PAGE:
Whilst the developer may need to be flexible in delivery of the bespoke build, the risk should be shared with the provider. Careful consideration of the contract of sale terms is required. Based on what we are seeing in the market, some key do’s and don’ts include:

  • DO: Agree the scope of the modification work with the provider up front and a compensation regime. The more detailed scope the better, and if it is possible to cost that scope with the developer’s builder before contracts are exchanged then that is a preferred approach to reduce uncertainty.
  • DO: Agree a regime to deal with variations and additional work which may be required by the provider.
  • DO: Ensure you have appropriate flexibility in your construction contracts and consultancy agreements to allow for the provider’s bespoke build scope and requirements.

DON’T: Commit to producing a bespoke build that will guarantee a

certain standard of SDA functionality at settlement. The requirements to

satisfy certain SDA standards of accessibility builds are continually

evolving and this type of arrangement would shift the compliance and

variation risk of the build being assessed as SDA compliant onto the

developer. If such an arrangement is being considered, developers should

consider pricing the risk accordingly and try to build in flexibility to deal

with any change in SDA functionality standards and definitions. When

working through these Do’s and Don’ts developers should consider the

implications of building in these risk management mechanisms into a

contract of sale or whether they should be addressed via an alternative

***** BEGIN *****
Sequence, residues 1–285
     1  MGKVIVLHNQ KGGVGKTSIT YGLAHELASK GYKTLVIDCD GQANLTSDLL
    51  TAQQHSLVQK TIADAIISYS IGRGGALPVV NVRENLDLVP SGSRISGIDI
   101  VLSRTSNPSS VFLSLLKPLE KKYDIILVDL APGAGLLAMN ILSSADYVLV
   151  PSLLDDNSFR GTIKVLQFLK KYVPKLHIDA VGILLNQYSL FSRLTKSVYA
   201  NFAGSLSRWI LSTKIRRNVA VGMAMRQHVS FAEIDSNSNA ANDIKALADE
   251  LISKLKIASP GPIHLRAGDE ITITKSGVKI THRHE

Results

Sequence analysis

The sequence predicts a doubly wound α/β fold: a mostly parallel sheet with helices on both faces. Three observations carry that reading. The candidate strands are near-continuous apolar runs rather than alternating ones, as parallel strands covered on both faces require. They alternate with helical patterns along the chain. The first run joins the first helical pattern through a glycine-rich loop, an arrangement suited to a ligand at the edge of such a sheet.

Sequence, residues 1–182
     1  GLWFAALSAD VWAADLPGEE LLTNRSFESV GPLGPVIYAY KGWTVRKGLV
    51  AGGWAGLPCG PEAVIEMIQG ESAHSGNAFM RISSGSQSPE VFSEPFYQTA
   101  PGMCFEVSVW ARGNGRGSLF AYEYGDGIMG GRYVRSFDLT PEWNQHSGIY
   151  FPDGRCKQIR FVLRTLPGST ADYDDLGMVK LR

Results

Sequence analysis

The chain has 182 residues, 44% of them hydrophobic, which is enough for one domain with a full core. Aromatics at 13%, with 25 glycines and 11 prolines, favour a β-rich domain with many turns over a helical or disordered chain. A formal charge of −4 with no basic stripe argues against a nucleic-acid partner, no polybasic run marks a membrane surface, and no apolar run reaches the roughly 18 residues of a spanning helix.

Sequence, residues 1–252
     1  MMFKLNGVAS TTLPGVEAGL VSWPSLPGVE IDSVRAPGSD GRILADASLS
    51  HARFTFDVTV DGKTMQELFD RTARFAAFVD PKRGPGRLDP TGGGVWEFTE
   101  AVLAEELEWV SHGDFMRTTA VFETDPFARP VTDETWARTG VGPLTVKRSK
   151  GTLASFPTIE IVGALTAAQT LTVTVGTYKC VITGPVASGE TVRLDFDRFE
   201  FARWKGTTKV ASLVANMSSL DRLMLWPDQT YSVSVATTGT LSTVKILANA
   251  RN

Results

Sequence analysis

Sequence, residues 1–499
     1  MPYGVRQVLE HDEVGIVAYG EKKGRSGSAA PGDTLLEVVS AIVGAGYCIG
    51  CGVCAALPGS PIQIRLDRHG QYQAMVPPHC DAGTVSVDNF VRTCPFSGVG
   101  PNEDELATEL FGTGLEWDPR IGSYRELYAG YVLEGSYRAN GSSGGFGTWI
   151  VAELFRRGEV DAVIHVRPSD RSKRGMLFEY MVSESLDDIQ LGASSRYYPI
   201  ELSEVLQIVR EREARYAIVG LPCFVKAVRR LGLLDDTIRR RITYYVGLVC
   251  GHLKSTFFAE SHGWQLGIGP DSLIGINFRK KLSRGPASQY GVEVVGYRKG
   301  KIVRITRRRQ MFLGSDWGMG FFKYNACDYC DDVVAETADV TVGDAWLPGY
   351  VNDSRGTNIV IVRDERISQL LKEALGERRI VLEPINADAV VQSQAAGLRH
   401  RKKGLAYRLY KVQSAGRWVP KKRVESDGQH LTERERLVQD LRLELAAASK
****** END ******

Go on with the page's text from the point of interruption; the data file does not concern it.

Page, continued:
arrangement.

Disclosure requirements – contract of sale

If you are considering implementing SDA residences into your development or would like the flexibility to do so, the disclosure, flexibility and allowances which are built into sales contracts are essential. Key takeaways include:

  • Building in flexibility for the type of product to be incorporated into the development and disclosed to other purchasers in the development, to minimise any risk that other purchasers object to the proposed SDA scheme.
  • Providers may require signage, additional accessibility requirements on common property, designated SDA only common areas, etc. The impact on common property and owners corporation requirements should be considered and addressed appropriately both in the contract and again upon owners corporation set up. Turning your mind to these matters early will provide you with the flexibility to incorporate SDA at any stage of the development with minimal impact to the balance of your development and existing pre-sales.

Settlement risks

As providers tend to favour the purchase of multiple apartments, settlement risks are compounded. Whilst there are a number of factors which should be considered in this regard, we draw attention below to some critical considerations:

Risk What to consider
Limited re-Sale market
  • Where a sale to provider fails to complete, there will likely be a smaller resale market for the Bespoke Build
  • This could impact developers with either delays in securing a new purchaser or the developer undertaking considerable rectification work to bring apartments back to a typical fitout which would appeal to a greater number of purchasers.
  • As a result, a developer should consider obtaining security that it can draw on in those circumstances towards its loss.
Interdependence
  • SDA providers may seek a bulk deal, but it is important to provide that the transaction is either documented under one contract or, if multiple contracts, that those multiple contracts are interdependent.

Intending to incorporate SDA residences within your development?

Get in touch with a partner from the Property & Development team.

By John Varos